Should three local veterans be charged with the illegal sale of cigarettes?

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Veterans advocates are livid three former members of the Grand Rapids Home for Veterans were criminally charged with felony crimes in connection with a cigarette smuggling organization.

We first reported Tuesday Michigan Attorney General Bill Schuette's office approved criminal charges against multiple veterans who formerly lived at the Grand Rapids Home for Veterans for selling non-taxed cigarettes.

Court documents show Jeff Bowman, Ken Hammond and Tony Moore, all veterans who were living at the Home for Veterans are being charged with violations of the Tobacco Products Tax Act. Each is being charged with "possessing, acquiring, transporting or offering for sale 3,000 or more cigarettes" without having a license to be able to sell the cigarettes.  

"I would say they were stunned about (the charges)," veterans advocate Greg McNeil said. "It's tearing these guys apart because they thought this was said and done."

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In August, we reported the veterans were involuntarily discharged from the Grand Rapids Home for Veterans because they were selling the cigarettes.  McNeil said Bowman, Hammond and Moore have found a home elsewhere but are at a severe disadvantage to defend themselves.

"They're going to end up with public defenders," McNeil said.  "You have to understand most of these guys are living on disability payments and they have no personal transportation.  We do not have them in Kent County because they are all now scattered all over the state."

Schuette this week approved the charges after a months-long investigation by the Michigan State Police that found the cigarettes were being brought into Michigan from New York.  Schuette's been adamant during his time in office he bases his decisions strictly on the law even though the decision might not be a popular one.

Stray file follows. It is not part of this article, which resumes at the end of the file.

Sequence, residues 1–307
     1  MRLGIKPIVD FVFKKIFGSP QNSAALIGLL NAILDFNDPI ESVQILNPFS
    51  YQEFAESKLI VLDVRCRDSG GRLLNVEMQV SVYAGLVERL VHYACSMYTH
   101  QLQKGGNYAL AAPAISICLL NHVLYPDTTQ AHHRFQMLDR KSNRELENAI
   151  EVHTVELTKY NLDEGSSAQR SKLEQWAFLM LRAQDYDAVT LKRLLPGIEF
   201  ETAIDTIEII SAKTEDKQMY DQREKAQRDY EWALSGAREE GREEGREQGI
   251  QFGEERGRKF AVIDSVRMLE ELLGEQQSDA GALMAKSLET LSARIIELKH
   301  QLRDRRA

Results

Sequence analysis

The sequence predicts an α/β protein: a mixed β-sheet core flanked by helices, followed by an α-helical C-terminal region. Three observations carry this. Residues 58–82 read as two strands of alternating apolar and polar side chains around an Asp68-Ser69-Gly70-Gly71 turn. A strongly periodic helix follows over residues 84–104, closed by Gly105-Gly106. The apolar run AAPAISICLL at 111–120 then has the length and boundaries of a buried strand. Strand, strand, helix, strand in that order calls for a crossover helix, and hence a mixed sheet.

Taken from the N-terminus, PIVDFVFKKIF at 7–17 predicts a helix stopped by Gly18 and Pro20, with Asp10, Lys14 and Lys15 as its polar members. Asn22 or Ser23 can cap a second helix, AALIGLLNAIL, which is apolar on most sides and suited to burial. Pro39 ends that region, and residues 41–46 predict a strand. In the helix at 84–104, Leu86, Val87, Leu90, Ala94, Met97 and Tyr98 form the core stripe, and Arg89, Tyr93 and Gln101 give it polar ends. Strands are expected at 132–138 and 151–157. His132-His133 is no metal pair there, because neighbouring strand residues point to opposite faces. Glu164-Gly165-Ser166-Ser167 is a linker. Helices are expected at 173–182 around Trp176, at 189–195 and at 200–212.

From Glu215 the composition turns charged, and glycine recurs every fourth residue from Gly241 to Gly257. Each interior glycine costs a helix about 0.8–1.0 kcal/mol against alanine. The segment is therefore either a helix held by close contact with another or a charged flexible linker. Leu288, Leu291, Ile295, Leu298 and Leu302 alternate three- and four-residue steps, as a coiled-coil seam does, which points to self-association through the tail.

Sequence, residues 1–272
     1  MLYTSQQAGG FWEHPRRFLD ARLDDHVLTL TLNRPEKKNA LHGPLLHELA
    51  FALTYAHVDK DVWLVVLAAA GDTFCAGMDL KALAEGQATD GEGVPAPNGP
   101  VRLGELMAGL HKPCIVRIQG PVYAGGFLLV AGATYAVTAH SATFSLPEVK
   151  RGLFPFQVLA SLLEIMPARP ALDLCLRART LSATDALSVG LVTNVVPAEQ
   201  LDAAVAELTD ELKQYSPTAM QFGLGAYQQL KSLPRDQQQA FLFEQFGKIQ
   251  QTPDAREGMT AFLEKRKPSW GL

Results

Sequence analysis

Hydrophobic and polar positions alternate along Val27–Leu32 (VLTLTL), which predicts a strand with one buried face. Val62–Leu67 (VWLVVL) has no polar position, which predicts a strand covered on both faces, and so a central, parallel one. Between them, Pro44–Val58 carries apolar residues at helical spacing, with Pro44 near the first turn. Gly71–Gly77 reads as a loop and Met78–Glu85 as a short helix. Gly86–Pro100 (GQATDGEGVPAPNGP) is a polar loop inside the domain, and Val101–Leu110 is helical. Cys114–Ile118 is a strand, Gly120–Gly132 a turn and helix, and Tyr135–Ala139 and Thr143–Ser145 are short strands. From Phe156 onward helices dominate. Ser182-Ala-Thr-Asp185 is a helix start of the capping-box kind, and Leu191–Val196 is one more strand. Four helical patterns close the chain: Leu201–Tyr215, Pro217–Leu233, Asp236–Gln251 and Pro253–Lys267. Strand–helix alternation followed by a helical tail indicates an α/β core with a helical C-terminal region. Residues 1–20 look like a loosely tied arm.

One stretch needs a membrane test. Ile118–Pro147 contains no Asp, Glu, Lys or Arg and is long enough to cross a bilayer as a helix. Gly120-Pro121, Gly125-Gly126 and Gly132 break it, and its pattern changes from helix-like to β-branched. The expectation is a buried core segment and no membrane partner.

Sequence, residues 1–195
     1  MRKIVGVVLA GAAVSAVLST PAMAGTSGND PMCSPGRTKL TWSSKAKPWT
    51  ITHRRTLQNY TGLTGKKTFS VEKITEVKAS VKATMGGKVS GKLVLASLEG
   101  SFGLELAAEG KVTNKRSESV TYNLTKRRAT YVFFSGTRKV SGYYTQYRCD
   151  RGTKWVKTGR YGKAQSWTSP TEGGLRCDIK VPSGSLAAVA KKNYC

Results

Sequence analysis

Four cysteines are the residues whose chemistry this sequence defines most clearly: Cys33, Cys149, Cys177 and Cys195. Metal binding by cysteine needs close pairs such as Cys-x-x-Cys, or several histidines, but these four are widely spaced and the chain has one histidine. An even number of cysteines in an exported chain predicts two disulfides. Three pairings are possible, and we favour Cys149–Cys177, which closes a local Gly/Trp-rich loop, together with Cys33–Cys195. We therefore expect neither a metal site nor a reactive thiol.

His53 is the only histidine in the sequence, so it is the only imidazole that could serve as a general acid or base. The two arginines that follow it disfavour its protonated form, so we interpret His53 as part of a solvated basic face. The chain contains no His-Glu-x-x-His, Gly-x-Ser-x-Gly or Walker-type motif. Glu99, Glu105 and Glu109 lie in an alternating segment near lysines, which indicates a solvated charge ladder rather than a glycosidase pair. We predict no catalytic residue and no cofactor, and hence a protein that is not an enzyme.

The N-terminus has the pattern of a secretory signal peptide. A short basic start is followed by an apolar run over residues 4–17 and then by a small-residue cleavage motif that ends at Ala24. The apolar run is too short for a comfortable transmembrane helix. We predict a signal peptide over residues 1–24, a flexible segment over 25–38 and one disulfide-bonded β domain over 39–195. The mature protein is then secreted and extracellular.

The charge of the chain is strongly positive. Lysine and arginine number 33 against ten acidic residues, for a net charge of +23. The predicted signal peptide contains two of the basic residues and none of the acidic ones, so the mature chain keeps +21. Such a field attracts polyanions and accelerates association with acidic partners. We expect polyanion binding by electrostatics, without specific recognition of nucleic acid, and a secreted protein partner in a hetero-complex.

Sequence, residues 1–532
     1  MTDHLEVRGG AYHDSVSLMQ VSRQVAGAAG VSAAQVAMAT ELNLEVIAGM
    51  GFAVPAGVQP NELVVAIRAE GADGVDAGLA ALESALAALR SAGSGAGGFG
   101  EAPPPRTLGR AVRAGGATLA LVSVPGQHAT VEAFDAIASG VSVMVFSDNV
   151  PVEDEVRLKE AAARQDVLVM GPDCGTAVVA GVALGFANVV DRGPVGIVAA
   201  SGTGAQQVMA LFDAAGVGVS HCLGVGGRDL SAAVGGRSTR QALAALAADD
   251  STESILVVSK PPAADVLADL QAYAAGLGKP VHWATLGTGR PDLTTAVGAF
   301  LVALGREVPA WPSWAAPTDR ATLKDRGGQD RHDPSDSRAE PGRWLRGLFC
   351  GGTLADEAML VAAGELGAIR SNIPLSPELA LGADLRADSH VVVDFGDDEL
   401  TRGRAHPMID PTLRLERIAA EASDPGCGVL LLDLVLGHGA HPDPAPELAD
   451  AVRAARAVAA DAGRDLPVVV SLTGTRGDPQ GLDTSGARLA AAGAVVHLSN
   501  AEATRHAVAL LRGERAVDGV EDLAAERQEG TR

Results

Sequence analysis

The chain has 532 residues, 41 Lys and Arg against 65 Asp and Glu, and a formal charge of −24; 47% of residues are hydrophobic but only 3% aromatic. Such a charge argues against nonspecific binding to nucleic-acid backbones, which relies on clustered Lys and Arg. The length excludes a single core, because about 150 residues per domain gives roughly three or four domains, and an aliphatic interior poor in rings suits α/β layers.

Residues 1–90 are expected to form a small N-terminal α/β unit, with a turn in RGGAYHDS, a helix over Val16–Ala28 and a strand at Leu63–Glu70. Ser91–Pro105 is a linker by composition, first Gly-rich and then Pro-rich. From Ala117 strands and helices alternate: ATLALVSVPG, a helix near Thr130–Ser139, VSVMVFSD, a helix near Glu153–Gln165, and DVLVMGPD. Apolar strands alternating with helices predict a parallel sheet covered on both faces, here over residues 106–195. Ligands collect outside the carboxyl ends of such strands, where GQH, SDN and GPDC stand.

"The evidence was clear and charges were filed," Schuette spokeswoman Andrea Bitely said.

One of the veterans involved, Bowman, admitted to us this summer a number of members had an operation selling hundreds packs of cigarettes to other members in the building. The veteran admitted to purchasing the cigarettes "off of a reservation, an Indian reservation in New York."  The cigarettes would be sold to members at the Home for Veterans for as little as $4 a pack.  The retail cost for a pack of cigarettes typically is nearly double that.

"We were just doing it as a favor for the veterans here at the home," Bowman said.  

In Michigan, it's illegal to sell a tobacco product to another person for resale without being licensed.

A news release issued by the Michigan Veterans Affairs Agency (MVAA) indicated in the fall of 2016, administrators at the Grand Rapids Home for Veterans became aware of the possibility that a member or members of the home may have been selling non-taxed cigarettes.

The MVAA indicates that after an internal review, a decision was made to warn those involved of what the rules of the home were and of state laws related to the sale of tobacco products.

Based on further information, in January 2017, staff at the Home for Veterans contacted law enforcement, which led to the MSP investigation.

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